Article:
Every hiker’s bucket list topper – the Everest Base Camp trek

28th Apr 2021
Photo of Every hiker’s bucket list topper – the Everest Base Camp trek by Trinetra Singh

Mansi Joshi, an experienced trekker, sets off on an Everest Base Camp trek to conquer the mountains, her bucket list and herself.

As I was going about my monthly house cleaning, I chanced upon an old list which I had made with a lot of thought and love and then promptly ignored. It was my bucket list, a list of all the things I want to do before I turn old. Right at the top (pun intended) was the Everest Base Camp trek mocking the hiker within me.

The Everest base trek features on the list of many experienced trekkers and rightly so. A rendezvous with the highest mountain in the world is an opportunity every high-altitude climber relishes for the mountains to offer a shot at self-actualization and bragging rights for life. I finished cleaning my room, then cleared my schedule and set off to Nepal in the next few days signing up with a renowned tour operator for the hike.

I feel obliged to mention here that one cannot simply jettison off to Nepal for an ebc trek. While it is a non-technical climb, it is by no means an easy one. The trek lasts for an average of 12-15 days during which you battle punishing weather and extreme terrains while climbing to a height of 18000 feet.

I met up with my guide and the rest of the group at the capital from where we proceeded to take another flight to a serene village tucked away at the foothills. Over the course of the next two weeks, we saw not only the terrain but also ourselves undergo drastic changes.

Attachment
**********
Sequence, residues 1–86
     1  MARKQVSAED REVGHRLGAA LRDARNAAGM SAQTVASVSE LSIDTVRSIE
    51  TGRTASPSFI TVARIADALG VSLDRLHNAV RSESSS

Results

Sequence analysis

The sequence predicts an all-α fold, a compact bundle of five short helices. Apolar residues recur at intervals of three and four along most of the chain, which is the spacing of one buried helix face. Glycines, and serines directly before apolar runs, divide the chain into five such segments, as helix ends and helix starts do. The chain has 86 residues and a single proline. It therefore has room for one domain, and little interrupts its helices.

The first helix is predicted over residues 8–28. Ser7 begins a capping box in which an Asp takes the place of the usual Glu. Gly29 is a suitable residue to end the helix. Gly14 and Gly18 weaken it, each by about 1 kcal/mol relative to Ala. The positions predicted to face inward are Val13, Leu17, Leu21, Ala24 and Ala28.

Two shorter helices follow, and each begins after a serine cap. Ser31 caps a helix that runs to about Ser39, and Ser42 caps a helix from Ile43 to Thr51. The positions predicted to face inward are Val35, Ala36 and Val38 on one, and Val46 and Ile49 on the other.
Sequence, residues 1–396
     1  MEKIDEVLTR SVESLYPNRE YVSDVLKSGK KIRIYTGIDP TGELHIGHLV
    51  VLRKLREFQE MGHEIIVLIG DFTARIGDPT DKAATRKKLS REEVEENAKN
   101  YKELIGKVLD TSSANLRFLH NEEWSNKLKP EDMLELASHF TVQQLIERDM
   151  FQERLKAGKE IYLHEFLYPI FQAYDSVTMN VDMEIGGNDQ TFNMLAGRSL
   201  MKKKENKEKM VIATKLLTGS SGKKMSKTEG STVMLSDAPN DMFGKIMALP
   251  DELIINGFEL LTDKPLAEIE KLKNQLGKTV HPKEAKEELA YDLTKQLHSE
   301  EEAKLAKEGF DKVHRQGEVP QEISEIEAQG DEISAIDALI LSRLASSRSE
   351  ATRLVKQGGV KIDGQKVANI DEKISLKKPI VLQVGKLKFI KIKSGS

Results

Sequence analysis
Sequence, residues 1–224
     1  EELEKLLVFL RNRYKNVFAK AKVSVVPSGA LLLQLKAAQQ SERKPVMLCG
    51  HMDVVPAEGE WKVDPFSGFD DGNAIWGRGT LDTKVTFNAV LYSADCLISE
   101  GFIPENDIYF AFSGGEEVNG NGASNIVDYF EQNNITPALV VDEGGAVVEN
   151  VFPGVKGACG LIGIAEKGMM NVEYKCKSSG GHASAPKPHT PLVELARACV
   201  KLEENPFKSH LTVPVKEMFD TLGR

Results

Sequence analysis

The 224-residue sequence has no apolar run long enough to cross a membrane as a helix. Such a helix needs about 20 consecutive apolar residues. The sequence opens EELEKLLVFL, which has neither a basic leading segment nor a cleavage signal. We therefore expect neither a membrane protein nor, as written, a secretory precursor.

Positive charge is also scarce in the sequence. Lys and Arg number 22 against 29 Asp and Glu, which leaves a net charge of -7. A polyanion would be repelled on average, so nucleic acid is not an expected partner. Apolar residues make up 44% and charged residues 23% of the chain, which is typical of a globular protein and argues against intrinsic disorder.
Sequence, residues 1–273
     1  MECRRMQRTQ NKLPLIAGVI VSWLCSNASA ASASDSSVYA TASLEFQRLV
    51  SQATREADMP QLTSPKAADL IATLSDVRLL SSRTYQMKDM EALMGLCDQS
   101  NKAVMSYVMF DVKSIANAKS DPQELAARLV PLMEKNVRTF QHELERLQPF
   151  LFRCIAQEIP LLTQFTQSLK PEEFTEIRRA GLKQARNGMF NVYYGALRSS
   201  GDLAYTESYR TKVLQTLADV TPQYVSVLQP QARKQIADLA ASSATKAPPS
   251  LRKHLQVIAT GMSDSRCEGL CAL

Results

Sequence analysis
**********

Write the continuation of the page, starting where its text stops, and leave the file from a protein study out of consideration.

What started off as a landscape blanketed with pine forests and gorgeous streams soon transformed to a rocky terrain coated with pristine snow and glacial moraine. What started off as a group of smug hikers soon transformed into a bunch of humbled humans with an appreciation of the mighty mountain.

Over the course of the ebc trek we spend our days crossing shaky bridges, cutting through forests of pine and mingling with the irrepressible Sherpa community. We interacted with their yak caravans, gorged on local delicacies and were handed life lessons by rosy children living blissfully in idyllic tiny villages.

Our nights were spent at charming tea-houses where we fueled our depleted bodies with delicious food, warm showers and deep sleep. I would end every night tired to my bone and wake up ready to do it all over again.

In fact, I enjoyed my trek so much that I, along with few others, opted to scale Kalapathar in the wee hours of the morning to catch a view of the morning sun setting fire to snowy peaks of Everest; a view that is indelibly seared into my soul.

I would say that the Everest Base Camp trek is a journey within as much as it is on the outside. The experience affected me on a personal level and I have taken many more hikes since then trying to capture the elusive feeling I felt when we made it to base camp.